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I am writing a short story, but I am mostly stuck in one word substitution (as my vocabulary isn't that strong). So I want to know one word for the following phrase —

the act of taking your head back on seeing something strange (or unexpected)

Sample sentence —

She turned away and was a little shocked ... (the act of taking your head back on seeing something strange (or unexpected)) ... by the sight of the filled porcelain.

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    Do you mean like a double-take (which is a delayed reaction to the strangeness) or an immediate reaction? Also since you've tagged this as a single word request, you should include a sample sentence demonstrating how the word would be used. Jul 17, 2021 at 11:06
  • Does this answer your question? Word for Negatively Surprising Jul 18, 2021 at 4:10

10 Answers 10

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This is not a single word, but it works for your purposes: taken aback

This can be used in the figurative sense (and usually is), meaning:

(MW.com)

to make a strong impression on (someone) with something unexpected

It's origin is a nautical term:

(Etymonline)

Now surviving mainly in taken aback, which originally was a nautical expression in reference to a vessel's square sails when a sudden change of wind flattens them back against the masts and stops the forward motion (1754).

Literally, it means being pushed backward (as the head in your example) or halted in your tracks.

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    The problem with this phrase is that, despite its appearance (and etymology), it doesn't actually denote any physical movement. "Shy", "shrink", "recoil", "start" (as in the other answers) all do. Jul 18, 2021 at 6:18
  • Possibly... it doesn't carry much sense of 'shock'...
    – Dan
    Jul 18, 2021 at 10:40
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    Well, the Webster definition for the phrase includes shock. Macmillan lists shock before surprise. Cambridge, Oxford Languages, Collins, Longman all include shock. Dictionary.com includes disconcert. Jul 19, 2021 at 8:54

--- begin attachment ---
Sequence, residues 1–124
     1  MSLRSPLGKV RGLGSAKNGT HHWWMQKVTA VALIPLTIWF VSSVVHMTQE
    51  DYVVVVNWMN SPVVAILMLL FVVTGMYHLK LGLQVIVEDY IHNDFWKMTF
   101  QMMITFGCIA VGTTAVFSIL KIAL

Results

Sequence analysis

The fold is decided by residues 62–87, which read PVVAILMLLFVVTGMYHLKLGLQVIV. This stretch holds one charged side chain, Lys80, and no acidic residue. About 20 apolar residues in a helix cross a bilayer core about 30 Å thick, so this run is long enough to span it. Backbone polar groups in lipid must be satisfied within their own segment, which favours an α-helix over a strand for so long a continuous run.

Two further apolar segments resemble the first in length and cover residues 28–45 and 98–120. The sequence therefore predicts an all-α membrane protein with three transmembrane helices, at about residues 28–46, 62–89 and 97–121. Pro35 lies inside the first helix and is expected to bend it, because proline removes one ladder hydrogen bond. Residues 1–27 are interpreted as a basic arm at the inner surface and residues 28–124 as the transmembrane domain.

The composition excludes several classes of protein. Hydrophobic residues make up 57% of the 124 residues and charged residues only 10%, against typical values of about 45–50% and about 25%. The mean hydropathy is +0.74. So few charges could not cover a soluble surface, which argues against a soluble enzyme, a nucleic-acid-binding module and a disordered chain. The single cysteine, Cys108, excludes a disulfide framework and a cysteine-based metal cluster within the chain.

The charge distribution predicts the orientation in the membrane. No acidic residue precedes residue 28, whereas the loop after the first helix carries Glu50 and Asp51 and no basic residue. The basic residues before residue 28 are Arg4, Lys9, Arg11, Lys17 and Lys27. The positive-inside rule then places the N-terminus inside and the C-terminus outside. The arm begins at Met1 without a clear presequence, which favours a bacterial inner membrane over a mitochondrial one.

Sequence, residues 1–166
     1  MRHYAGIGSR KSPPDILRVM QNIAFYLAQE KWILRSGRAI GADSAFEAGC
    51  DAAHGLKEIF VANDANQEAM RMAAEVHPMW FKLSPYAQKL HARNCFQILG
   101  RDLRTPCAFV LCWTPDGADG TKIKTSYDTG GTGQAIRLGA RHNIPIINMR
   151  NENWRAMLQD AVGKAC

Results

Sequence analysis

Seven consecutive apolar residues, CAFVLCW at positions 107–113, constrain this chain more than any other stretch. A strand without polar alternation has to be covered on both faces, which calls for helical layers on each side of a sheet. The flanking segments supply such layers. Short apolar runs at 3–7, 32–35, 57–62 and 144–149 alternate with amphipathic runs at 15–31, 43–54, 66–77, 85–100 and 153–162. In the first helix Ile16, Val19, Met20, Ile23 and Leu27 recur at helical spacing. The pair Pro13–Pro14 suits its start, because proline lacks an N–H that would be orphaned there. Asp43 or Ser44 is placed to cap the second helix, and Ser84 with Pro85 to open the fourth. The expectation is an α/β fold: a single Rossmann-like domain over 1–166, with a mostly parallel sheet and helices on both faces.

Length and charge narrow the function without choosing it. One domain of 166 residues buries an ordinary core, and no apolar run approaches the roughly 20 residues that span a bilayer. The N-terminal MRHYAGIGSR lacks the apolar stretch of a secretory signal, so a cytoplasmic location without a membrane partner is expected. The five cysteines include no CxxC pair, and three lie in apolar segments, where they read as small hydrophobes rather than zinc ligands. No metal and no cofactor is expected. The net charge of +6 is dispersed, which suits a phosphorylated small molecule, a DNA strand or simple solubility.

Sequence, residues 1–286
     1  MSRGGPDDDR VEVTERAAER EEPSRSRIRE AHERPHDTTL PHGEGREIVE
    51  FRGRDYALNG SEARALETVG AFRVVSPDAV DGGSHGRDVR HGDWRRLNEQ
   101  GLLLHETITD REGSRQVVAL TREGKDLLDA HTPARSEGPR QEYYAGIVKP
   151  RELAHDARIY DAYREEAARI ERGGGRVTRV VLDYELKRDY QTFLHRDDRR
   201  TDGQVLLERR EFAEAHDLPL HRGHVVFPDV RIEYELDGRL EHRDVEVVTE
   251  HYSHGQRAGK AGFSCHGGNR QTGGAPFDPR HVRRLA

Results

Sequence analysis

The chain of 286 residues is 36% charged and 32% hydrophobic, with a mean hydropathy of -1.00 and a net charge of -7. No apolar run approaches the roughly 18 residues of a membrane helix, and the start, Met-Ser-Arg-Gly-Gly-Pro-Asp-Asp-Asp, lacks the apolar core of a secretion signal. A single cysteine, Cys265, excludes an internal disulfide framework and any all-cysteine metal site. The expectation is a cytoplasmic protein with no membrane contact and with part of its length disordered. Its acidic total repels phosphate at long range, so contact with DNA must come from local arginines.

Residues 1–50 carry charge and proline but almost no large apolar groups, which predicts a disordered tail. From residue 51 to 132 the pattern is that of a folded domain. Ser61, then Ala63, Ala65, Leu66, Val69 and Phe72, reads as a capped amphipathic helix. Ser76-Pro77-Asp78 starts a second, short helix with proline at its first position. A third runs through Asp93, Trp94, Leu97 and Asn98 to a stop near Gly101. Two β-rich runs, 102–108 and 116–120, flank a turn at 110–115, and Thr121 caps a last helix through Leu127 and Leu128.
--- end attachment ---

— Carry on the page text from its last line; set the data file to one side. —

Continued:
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    @GArthurBrown: I wasn't trying to turn it into a popularity contest. Just saying that I'm clearly not alone in thinking of "taken aback" (without "physically" being specified) as primarily mental/emotional, just as you and Rich are not alone in taking it as primarily physical. Hence I don't agree that I'm "completely wrong", as Rich put it. Jul 21, 2021 at 8:04
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Start, perhaps - To (cause to) make a sudden movement, and related senses.(OED)

To make a sudden movement, esp. of part of one's body, as to avoid a blow or perceived threat; to flinch or recoil from something in alarm or repugnance. Chiefly with from or with adverbs (as aback, aside, away, back, etc.). Also with the part of the body as subject. (OED)

To undergo a sudden involuntary movement of the body, resulting from surprise, fright, sudden pain, etc.; (sometimes without implication of actual movement) to feel startled or momentarily perturbed, as at a sudden realization. (OED)

So,... "She turned away and started at the sight of the filled porcelain."

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    I think just recoil would work fine. Jul 17, 2021 at 22:02
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    @JohnGordon - yes possibly. It depends how much physical movement the OP wants to convey. To my mind, 'recoiling' generally involves a bigger physical movement than 'starting', which suggests a more limited physical movement and as much mental as physical shock.
    – Dan
    Jul 18, 2021 at 0:09
  • "Start" doesn't specifically suggest movement away from the surprising thing, which is what I think the question means by "taking your head back". But as you say, it's less of a movement than "recoil", so it's good for OP to have options so they can pick out their desired shade of meaning. Jul 18, 2021 at 6:44
  • It's worth nothing that this usage of start is not idiomatic in spoken English and may even seem a little archaic in literary contexts.
    – bjb568
    Jul 18, 2021 at 21:32
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From the full (subscription only) Oxford English Dictionary...

shy intransitive
1: to take a sudden fright or aversion;
to make a difficulty, ‘boggle’ about doing something;
to recoil.

2: (Of a horse) To shrink or start back or aside through sudden fear.

When to shy is used with a person as the subject, it's usually in more metaphoric negating contexts (He never shies away from hard work). But synonyms such as recoil, shrink - and passive be repulsed / repelled [by] - can all be used to convey rapidly jerk back from [something strange / disgusting / scary], if you don't want to potentially liken your subject to a skittish horse.

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    To be taken aback is the usual idiom; it doesn't have to be a physical movement. Jul 17, 2021 at 19:07
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I'd also say recoil or flinch: